Healing takes place in the creative space of the therapeutic relationship
I wonder what came to mind for you when reading the title?
Maybe something like How does creativity even come into counselling? or isn't creativity about things related to art, photography, music?
In my work with clients and in my own therapeutic processes and learning, I have come across the concept of creativity as also including more abstract aspects of life and of activities we do, some of which are very useful in the therapeutic relationship, and some of which I wouldn't do without when looking for ways to help my clients heal and regain control of their lives.
In life, and in therapy, we talk to others and discuss things that we enjoy or things that might not be going so well for us. This, I believe helps build relationships. In the therapeutic relationship, trust develops as the client sees that the therapist is listening and understanding, and providing the space to explore new ways - creative ways - of seeing their current situation and how to get out of it in due course. It is a two-way process.
Also important is keeping fit, being active... maybe a way to use this type of creativity in relationships is noticing the body language of the person sitting opposite us, or even noticing it in ourselves! This is a skill that counsellors and psychotherapists develop as we gain more experience and knowledge, and trust our intuition - that gut feeling - more and more.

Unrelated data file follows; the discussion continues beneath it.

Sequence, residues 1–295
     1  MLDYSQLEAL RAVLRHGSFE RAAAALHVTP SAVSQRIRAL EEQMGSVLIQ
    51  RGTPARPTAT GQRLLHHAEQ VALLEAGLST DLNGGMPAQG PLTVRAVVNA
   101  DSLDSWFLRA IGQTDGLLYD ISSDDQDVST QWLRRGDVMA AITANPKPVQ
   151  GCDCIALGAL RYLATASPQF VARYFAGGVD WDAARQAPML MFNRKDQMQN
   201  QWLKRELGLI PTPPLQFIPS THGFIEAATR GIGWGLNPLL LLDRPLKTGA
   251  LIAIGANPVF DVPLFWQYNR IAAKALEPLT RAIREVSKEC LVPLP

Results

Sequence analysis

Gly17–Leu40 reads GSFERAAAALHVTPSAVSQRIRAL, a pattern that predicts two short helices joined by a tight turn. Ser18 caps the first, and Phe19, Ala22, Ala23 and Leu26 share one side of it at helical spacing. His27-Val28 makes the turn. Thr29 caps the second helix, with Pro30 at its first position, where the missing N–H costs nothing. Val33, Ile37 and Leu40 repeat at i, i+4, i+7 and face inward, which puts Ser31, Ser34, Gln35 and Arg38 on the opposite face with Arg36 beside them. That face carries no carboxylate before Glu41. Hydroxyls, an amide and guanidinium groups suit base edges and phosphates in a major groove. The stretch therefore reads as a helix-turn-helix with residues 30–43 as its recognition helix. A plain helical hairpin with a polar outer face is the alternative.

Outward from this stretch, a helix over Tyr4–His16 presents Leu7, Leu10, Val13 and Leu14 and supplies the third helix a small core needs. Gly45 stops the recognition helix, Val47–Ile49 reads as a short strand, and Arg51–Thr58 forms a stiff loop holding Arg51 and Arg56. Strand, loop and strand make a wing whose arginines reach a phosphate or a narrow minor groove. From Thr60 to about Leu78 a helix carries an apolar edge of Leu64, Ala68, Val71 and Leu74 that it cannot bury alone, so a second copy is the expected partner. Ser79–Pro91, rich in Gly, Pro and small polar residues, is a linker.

Some people are really good at budgeting, creating schedules and solving problems. Some therapeutic approaches focus more on problem-solving than others. I believe sometimes the issues that clients bring need both an immediate solution - or attempt at a solution - as well as exploring why the client is going through this now, and what in their past might have led to this situation presenting itself like it has. So a creative mix of practical and more in-depth thinking about the same issue will bring healing, in time, to the client, allowing for more robust ways of coping and dealing with life situations as they come up.
Narrative, telling stories, is a big part of therapy, and even though the client might know exactly what their story is, and why it's happening, retelling it to their therapist - having someone else be a part and witness of this story, might help in reframing this story and creatively dealing with the emotions and thoughts that might have not been thought about in the original telling or living of this story. This is creative healing in action!
I will leave you with this quote from Carl Rogers which I find was a great creative jump in the way he practised, which probably happens to all of us therapists as we go from trainees to qualified to experienced... as we go through our own personal growth process.
“In my early professional years, I was asking the question: How can I treat, or cure, or change this person? Now I would phrase the question in this way: How can I provide a relationship which this person may use for their own personal growth?”
(Carl R. Rogers, 1961)